4. Factual Background

The Complainant and its affiliated companies offer an array of insurance and financial services and products in the United States under the NATIONWIDE mark and other NATIONWIDE-formative marks (hereinafter collectively referred to as the “NATIONWIDE marks”). The Complainant, originally founded in Columbus, Ohio in 1926 as Farm Mutual Automobile Insurance Company, has offered services under the NATIONWIDE mark since 1955, and holds a number of United States registrations for its NATIONWIDE marks.

The Complainant initially registered the NATIONWIDE mark with the United States Patent and Trademark Office (USPTO) in August 1968 for insurance services. The Complainant thereafter registered NATIONWIDE and NATIONWIDE FINANCIAL SERVICES for use with financial services in November 1996 and February 1996, respectively; NATIONWIDE FINANCIAL for insurance and financial services in December 2003; NATIONWIDE ADVANTAGE MORTGAGE for mortgage lending and brokerage services in February 2004; and NATIONWIDE BANK for banking services in October 2007. Nationwide Bank’s products and services include the financing of new and used automobile purchases.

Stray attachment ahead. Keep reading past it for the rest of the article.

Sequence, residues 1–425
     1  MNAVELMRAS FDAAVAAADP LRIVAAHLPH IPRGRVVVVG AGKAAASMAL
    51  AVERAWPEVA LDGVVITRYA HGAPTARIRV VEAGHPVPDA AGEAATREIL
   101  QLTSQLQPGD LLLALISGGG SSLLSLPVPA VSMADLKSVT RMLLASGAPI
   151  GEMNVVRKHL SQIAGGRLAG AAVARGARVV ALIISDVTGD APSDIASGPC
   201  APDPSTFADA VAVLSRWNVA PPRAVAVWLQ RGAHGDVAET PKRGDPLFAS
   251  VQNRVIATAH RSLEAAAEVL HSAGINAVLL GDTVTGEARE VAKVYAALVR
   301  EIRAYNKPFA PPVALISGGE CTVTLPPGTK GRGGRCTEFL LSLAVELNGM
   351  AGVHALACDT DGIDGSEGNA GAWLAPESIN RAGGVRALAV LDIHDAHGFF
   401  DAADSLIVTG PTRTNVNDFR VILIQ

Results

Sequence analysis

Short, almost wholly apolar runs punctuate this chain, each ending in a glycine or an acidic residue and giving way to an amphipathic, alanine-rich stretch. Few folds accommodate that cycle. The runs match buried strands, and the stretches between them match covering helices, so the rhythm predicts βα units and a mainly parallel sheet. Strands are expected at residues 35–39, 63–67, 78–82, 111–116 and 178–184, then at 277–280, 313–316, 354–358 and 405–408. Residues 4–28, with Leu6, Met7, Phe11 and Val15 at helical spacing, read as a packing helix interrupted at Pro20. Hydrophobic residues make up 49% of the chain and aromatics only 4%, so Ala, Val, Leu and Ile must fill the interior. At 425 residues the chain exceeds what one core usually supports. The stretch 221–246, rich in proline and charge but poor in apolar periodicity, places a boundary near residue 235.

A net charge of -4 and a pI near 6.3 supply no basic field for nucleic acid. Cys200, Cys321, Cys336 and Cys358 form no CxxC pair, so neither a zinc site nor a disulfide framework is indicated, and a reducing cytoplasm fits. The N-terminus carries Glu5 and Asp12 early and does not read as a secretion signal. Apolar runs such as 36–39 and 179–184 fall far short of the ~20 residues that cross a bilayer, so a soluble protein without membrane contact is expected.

The Respondent provides online automobile loan financing services. The Respondent registered the disputed domain name <nationwideautolending.com> on January 5, 2006. The disputed domain name <nationwideautoapproval.com> was registered by the Respondent on April 3, 2006, and the disputed domain name <nationwideautocredit.com> was registered on November 18, 2010.

Currently, the disputed domain name <nationwideautolending.com> resolves to an active website at “www.nationwideautolending.com” (the “nationwideautolending.com website”). The disputed domain name <nationwideautocredit.com> currently resolves to an active website at “www.nationwideautocredit.com” (the “nationwideautocredit.com website”). Both websites offer online auto loan application and approval services, said to involve a network of lenders and dealers throughout the United States that can providing financing for individuals with bad or no credit. The disputed domain name <nationwideautoapproval.com> currently does not resolve to an active website.